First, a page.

The head of Flair Airlines is accusing one of Canada's two major airlines of attempting to kneecap the discount carrier's operations by trying to lease four planes that were recently seized from it due to overdue payments.
“We’ve come in and upset the cozy duopoly, and as a consequence people want us out of business. And we do believe that there were negotiations going on behind the scenes between one of the majors and the lessor to hurt Flair by them offering probably above-market rates for the aircraft we’ve been leasing," said CEO Stephen Jones at a news conference Monday.
"While I’m not going to name names or cite evidence, I believe that there is much more to this picture than the surface that you see.”
The Boeing 737 Maxes were grounded Saturday after a "commercial dispute" with New York-based Airborne Capital Inc., Flair said.
The four planes were "only a few days in arrears" with about $1 million owing, "which is about half of one day's sales for us," Jones told reporters.
“We’re 100 per cent caught up," he added, referring to payments on leases across its 19-plane operating fleet. The tally does not include the four seized planes.
"The behaviours to date would say that it would be a tough road to see them back down. This sort of precipitous hedge-fund behaviour makes negotiations tough," he said, expressing doubt about retrieving the locked-up jetliners from Airborne Capital.
Jones did not answer directly whether other payments have been overdue in the past six months: "There's no business, really, that doesn't have some delays."
Airborne Capital has not responded to requests for comment over the past few days.
WestJet and Air Canada did not immediately reply to questions Monday.
The abrupt seizures and subsequent accusations hint at the fierce competition and high demand playing out across the Canadian air travel industry.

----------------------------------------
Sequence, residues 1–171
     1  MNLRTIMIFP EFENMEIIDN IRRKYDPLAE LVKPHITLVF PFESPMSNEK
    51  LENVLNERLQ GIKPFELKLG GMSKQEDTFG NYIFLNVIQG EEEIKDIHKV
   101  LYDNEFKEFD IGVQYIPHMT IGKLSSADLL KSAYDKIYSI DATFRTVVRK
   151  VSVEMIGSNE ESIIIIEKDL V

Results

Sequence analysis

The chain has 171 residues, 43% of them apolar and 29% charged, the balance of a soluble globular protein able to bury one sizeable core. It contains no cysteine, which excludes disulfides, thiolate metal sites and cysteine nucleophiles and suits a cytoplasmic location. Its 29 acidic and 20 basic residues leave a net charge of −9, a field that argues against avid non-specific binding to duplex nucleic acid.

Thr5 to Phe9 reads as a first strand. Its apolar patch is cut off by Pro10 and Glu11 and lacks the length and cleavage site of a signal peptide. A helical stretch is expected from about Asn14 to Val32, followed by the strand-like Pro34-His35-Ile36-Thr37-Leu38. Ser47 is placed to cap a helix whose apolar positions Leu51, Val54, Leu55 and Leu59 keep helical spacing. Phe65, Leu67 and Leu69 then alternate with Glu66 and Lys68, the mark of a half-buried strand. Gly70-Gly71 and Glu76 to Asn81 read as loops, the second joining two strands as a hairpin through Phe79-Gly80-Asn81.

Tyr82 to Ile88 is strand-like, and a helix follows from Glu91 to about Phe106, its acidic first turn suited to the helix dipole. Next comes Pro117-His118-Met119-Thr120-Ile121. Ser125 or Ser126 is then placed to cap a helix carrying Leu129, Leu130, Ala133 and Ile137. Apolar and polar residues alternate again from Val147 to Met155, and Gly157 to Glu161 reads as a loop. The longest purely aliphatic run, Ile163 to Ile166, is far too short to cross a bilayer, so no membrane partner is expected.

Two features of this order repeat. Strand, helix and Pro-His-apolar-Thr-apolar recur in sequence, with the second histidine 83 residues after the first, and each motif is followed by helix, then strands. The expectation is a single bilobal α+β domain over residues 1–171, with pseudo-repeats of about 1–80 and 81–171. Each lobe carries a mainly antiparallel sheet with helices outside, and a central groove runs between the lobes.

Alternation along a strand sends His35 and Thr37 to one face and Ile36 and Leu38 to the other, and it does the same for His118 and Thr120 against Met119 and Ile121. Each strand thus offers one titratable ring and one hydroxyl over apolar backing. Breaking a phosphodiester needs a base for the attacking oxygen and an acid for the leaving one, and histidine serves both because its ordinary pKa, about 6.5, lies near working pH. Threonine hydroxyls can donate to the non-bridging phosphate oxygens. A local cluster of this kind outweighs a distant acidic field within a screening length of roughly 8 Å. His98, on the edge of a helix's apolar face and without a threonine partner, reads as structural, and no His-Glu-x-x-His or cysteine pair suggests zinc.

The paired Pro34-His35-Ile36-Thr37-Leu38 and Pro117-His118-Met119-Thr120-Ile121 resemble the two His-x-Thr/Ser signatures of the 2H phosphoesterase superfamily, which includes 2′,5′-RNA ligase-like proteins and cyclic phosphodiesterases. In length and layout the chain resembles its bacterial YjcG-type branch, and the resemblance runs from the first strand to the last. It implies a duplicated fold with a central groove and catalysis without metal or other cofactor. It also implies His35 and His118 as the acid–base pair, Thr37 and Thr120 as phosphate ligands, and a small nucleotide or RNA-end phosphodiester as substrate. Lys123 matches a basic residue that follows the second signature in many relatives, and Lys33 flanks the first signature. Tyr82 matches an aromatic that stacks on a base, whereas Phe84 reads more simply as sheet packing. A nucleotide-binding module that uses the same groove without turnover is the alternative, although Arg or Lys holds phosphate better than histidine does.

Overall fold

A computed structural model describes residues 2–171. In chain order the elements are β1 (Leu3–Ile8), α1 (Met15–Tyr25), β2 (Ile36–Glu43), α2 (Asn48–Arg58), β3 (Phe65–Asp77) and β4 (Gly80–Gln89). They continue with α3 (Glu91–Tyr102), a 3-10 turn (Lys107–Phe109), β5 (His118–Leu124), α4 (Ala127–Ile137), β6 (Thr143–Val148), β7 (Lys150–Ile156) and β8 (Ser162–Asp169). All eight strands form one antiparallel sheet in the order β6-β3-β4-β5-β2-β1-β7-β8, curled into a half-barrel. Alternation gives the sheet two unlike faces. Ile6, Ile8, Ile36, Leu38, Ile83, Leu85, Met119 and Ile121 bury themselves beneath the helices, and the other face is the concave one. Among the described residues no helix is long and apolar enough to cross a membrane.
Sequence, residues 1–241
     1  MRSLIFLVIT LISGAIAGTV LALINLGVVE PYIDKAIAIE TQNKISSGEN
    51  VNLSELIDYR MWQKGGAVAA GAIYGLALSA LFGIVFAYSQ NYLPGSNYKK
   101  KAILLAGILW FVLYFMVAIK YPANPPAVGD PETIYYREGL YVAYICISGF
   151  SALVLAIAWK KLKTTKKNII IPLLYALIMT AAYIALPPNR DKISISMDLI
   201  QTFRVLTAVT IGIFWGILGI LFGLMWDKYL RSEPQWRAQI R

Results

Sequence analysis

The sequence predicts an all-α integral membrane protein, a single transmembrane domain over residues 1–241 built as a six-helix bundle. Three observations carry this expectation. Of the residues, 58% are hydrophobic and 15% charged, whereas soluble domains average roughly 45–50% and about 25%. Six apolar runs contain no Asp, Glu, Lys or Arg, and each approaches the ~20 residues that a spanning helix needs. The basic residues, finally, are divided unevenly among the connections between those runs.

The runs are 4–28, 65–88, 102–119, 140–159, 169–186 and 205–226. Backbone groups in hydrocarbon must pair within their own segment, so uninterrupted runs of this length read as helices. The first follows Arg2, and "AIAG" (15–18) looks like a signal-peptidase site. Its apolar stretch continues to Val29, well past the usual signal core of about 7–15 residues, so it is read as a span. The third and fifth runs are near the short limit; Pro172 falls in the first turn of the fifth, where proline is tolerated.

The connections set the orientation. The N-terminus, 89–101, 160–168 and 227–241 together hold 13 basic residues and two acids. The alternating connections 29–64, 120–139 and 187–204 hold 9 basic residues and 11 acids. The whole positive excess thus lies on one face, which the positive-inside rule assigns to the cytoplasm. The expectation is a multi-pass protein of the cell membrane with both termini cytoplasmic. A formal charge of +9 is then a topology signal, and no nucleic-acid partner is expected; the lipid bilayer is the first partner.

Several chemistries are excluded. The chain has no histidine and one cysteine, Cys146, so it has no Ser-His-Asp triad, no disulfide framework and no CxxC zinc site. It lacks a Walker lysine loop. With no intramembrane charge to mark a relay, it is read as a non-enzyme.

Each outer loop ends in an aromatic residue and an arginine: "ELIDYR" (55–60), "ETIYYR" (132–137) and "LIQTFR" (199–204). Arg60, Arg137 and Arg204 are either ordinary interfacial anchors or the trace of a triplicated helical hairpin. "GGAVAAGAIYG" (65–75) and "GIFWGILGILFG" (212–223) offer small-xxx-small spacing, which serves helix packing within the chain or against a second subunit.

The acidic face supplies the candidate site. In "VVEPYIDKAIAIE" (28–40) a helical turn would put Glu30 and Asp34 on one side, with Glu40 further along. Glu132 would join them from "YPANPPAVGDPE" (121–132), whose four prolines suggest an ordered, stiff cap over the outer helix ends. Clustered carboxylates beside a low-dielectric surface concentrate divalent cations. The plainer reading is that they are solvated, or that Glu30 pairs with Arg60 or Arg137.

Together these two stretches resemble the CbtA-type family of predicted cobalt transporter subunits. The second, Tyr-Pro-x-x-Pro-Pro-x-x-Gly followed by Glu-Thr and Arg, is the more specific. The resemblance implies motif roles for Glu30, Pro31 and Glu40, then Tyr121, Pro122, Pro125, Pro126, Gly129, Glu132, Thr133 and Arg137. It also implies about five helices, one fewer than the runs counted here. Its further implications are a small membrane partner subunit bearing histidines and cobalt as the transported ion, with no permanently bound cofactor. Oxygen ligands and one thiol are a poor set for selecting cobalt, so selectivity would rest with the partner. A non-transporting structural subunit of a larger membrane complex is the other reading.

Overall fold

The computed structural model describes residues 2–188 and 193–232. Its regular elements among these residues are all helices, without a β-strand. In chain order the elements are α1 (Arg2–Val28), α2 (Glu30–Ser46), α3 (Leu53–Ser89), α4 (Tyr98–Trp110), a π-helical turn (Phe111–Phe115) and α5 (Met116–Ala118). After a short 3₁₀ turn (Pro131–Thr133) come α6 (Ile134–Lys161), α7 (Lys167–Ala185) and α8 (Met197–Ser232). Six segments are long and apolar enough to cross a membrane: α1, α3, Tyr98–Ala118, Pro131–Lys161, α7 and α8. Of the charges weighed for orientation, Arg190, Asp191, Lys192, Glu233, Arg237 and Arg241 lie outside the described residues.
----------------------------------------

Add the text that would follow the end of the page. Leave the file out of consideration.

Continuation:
Leasing prices have skyrocketed since the COVID-19 pandemic due to surging travel demand, even as domestic airfares have dropped amid a crop of new carriers and expansions at others, said John Gradek, head of McGill University's aviation management program.
As a result, the "slightest sneeze" in a payment plan could trigger termination of an older lower-price lease, allowing the lessor to find a new client willing to pay more per month for the pricey planes, he said.
"If you screw up your payment with the lessor, they will take the first opportunity to seize the airplane, bring it back and then remarket it at a much higher level of revenue than you would normally get with Flair."
Gradek said 737 Max 8s can now cost lessees up to $450,000 per month versus about $150,000 in 2021. A delayed payment may also tarnish Flair's credit and reputation, making future leases even costlier, he added.
The sudden seizure of more than one-fifth of its operating fleet saw Flair scramble to roll out other planes over the weekend, as passengers in Toronto, Edmonton and Waterloo, Ont., dealt with last-minute flight cancellations.
About 1,900 passengers saw their flights cancelled Saturday, with some 420 of them rebooked within three days, Jones said.
Canadians still reeling from memories of pandemic confinement have been eager to board flights this year — putting planes in even higher demand from airlines and leasing companies.
The number of scheduled flights by Air Canada and WestJet jumped 31 per cent to 47,362 this month from 36,062 in the same period a year earlier, according to flight data firm Cirium.
Domestic ticket prices have dropped 15 per cent from 2019 amid heightened airline competition — six carriers now ply the Toronto-Vancouver route versus two a few years ago — leaving carriers with thinner profit margins as they battle for control of the skies, according to Montreal-based travel data firm Hopper Inc.
Flair spokesman Mike Arnot said the company had three spare aircraft to backfill the flights cancelled Saturday.
Passengers travelling in the subsequent 72 hours will either be accommodated on Flair flights or on another airline at the company's expense if a Flair flight isn't available, he added.
An update from the company later on Saturday added that customers can also rebook their own travel and receive a reimbursement within seven days.
This report by The Canadian Press was first published March 13, 2023.
Christopher Reynolds, The Canadian Press